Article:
This performance provided everything Milan had been lacking thus far. The team that crumbled at the first hurdle overcame an immediate equaliser to secure victory. The side that couldn’t beat any of the top six inflicted only the fourth defeat of the season on high-flying Lazio. The Diavolo who felt cursed by bad luck benefited from a handball goal and the crossbar.
Gennaro Gattuso complained afterwards that everything is treated as “the turning point” for his side. It’s difficult to resist that narrative when they notched up three consecutive Serie A wins for the first time in almost a year.
Following a well-documented summer of spending, and a glimpse at the key clashes throughout the year, tonight’s contest would have quite rightly been earmarked as a European six-pointer for Milan management and investors. Instead, the reward for their hard-fought win was climbing from 10th to seventh in the table and this is where the Rossoneri find themselves.
While Gattuso’s men deserve praise for stopping the division’s top scorers, the season has been an immense disappointment and it would come as no surprise to the avid calcio observer if the Milan giants were to undo all their hard work and effort to lose the next match against Udinese.
The Rossoneri have been here before, beating SPAL, to then lose to Sampdoria, Roma and Inter in succession, and this lack of consistency put paid to any Champions League hopes before the turn of the year.
Despite this, there is a chance to end the campaign on a high and not many sides can claim they have stopped Simone Inzaghi’s thrillingly brilliant group of young guns and experienced heads.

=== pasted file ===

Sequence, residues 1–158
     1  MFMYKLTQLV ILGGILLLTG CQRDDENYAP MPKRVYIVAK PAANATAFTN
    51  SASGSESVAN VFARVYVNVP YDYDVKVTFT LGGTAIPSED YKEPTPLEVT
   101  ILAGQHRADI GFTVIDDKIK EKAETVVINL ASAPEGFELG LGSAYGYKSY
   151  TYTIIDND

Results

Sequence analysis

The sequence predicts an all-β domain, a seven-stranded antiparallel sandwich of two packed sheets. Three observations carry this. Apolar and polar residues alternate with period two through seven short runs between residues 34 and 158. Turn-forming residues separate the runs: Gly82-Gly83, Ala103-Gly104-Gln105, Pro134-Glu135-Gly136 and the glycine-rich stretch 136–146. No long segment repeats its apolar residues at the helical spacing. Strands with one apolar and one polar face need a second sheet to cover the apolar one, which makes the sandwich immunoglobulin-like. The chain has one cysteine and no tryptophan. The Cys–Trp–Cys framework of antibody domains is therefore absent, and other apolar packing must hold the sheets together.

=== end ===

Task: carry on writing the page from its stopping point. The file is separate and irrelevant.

Lazio had notched 13 goals in their three previous matches and the expectation was they would continue this stellar form, even if top scorer Ciro Immobile was on the sidelines.
Inzaghi has goals aplenty in his squad, Luis Nani and Felipe Anderson both struck in midweek, yet still couldn’t make the starting line-up. The capital club may have lost the encounter, but are going places and will have nothing to worry about in the race for a top four spot.
For the hosts, this the first time in nearly 11 months where they have recorded three consecutive wins domestically. Gattuso is the latest in a long line of Diavolo legends to be thrusted in to the hot seat and has fared well so far.
The World Cup winner has brought a steely determination and will not tolerate lapses in concentration. Defender Davide Calabria was outstanding against the Biancocelesti and didn’t put a foot wrong all game. The Italian is not the only player to benefit from Gattuso’s arrival. Franck Kessie has upped his performance levels, as well as output, and now resembles the star who made his name with Atalanta.
The same can be said for ex-Lazio skipper Lucas Biglia. The veteran shackled danger man Sergej Milinkovic-Savic for the best part on an hour and the Serbian grew visibly frustrated. Milinkovic-Savic, who has already surpassed last term’s personal haul and been one of the stars of the season, eventually got in to the match, but it was too late and this is testament to Gattuso’s game plan.
Starting striker Patrick Cutrone repaid his Coach’s faith with the opening goal. The Como native was at his effervescent best, reminiscent of Gattuso, and his attitude is contagious. Cutrone never stops and Milan need more characters like this going forward.
In the short-term, the fiery former midfielder has improved the Rossoneri, but we have been here before. Clarence Seedorf and predecessor Vincenzo Montella both got off to good starts, and The Little Airplane even ended the long spell without silverware, but neither man lasted a significant period of time.
For Gattuso, it’s still early days, but the Milan hero knows the club inside out and will relish the opportunity of bucking the trend and proving he deserves the job for the long term.